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Conservation and Society
An interdisciplinary journal exploring linkages between society, environment and development
Conservation and Society
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SPECIAL SECTION: PROTECTED AREAS AND SUSTAINABLE FOREST MANAGEMENT IN CANADA
Year : 2015  |  Volume : 13  |  Issue : 1  |  Page : 72-83

Indigenous-based Approaches to Territorial Conservation: A Case Study of the Algonquin Nation of Wolf Lake


1 Forest Conservation and Economic Development Advisor Wolf Lake First Nation, Canada
2 School of Resource and Environmental Management, Simon Fraser University, Canada

Correspondence Address:
Rosanne Van Schie
Forest Conservation and Economic Development Advisor Wolf Lake First Nation
Canada
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Source of Support: None, Conflict of Interest: None


DOI: 10.4103/0972-4923.161225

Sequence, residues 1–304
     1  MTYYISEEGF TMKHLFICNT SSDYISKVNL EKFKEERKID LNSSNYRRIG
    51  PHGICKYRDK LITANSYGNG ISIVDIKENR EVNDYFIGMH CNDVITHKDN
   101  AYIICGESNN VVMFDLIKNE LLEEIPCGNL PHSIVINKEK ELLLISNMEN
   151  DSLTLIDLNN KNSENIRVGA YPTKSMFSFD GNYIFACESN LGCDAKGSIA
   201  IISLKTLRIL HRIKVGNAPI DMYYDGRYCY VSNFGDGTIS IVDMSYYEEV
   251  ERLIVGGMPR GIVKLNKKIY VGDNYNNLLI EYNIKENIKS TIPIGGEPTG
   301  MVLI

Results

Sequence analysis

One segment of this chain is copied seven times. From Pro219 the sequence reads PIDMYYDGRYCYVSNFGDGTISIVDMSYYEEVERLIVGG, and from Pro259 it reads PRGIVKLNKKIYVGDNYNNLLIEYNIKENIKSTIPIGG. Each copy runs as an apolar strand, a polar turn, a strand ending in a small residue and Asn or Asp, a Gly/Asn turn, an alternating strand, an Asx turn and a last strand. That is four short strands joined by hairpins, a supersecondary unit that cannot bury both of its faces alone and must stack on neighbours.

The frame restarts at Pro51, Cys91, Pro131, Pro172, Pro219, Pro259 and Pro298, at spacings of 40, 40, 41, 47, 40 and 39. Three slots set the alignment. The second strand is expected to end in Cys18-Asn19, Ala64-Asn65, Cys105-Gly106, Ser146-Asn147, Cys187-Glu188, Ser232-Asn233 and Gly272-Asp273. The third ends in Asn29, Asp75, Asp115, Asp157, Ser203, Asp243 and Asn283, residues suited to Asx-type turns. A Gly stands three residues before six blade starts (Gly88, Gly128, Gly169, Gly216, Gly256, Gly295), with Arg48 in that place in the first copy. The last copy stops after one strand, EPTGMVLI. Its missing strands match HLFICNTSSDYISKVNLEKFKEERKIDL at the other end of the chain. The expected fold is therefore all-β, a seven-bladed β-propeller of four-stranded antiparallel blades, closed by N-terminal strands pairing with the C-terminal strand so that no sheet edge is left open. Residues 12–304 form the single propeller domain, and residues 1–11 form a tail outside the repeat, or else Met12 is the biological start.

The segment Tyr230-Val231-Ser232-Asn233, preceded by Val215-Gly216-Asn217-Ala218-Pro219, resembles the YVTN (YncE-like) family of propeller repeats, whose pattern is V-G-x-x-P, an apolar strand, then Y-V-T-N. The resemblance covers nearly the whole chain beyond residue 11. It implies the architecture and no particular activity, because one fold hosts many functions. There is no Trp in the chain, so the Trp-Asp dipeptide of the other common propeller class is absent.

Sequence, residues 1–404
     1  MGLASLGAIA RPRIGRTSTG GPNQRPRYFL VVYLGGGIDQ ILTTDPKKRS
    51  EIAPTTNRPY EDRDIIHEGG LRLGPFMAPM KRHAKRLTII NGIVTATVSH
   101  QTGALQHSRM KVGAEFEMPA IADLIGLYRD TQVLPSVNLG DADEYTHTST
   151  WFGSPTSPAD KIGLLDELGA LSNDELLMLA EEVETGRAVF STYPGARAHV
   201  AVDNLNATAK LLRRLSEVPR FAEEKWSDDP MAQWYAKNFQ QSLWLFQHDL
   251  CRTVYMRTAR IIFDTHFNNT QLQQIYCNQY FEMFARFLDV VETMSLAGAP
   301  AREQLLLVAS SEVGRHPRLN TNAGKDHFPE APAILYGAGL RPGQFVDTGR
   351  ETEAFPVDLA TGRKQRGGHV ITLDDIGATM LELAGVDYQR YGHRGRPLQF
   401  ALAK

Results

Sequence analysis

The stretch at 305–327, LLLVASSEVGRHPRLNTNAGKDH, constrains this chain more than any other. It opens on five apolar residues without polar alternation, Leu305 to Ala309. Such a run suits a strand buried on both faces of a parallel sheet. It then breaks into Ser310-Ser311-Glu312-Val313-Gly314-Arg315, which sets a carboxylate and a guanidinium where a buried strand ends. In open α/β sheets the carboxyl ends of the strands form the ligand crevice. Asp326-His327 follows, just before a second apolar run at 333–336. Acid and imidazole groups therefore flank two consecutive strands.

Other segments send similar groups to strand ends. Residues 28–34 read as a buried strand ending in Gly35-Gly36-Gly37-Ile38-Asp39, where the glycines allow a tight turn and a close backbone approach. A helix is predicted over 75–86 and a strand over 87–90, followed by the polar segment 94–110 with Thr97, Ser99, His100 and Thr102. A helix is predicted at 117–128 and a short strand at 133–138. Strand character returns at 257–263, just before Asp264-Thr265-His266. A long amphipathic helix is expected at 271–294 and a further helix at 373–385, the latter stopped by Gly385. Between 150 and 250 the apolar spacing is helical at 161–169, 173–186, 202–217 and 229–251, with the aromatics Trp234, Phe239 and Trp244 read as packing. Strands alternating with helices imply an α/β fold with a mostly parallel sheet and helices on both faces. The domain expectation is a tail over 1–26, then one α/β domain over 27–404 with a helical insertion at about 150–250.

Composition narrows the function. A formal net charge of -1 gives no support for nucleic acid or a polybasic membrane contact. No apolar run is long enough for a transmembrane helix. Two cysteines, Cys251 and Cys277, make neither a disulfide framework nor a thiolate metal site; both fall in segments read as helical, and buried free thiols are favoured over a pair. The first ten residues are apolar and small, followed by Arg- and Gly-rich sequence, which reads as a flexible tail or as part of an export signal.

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Wolf Lake First Nation (WLFN), a community within the Algonquin Nation of Canada, has struggled with issues of self-determination and economic development that all First Nations across Canada have experienced. WLFN, with other First Nations in Canada, is advocating for the United Nation Declaration on the Rights of Indigenous Peoples (UNDRIP) as a framework for advancing their rights, dignity, survival, security, and well-being. In keeping with this, WLFN is motivated to create economic opportunities for its community that also protect their values for forest ecosystems. The surrounding region has had a long history of industrial forestry; the community has recently explored alternative economic projects, including eco-tourism and ecosystem service benefits from improved forest management. This paper outlines the history of WLFN's relationship to the land. It highlights more recent interactions with Canadian federal and provincial governments to expand working definitions and parameters of sustainable forest management to include Indigenous approaches to territorial biodiversity conservation. The process involves competing actors and has encountered many challenges. The paper also explores the tension between grounded efforts in social, environmental, and economic change by a single First Nation, and the imperfect institutional conditions to meaningfully accommodate their work in conservation and improved forest management.


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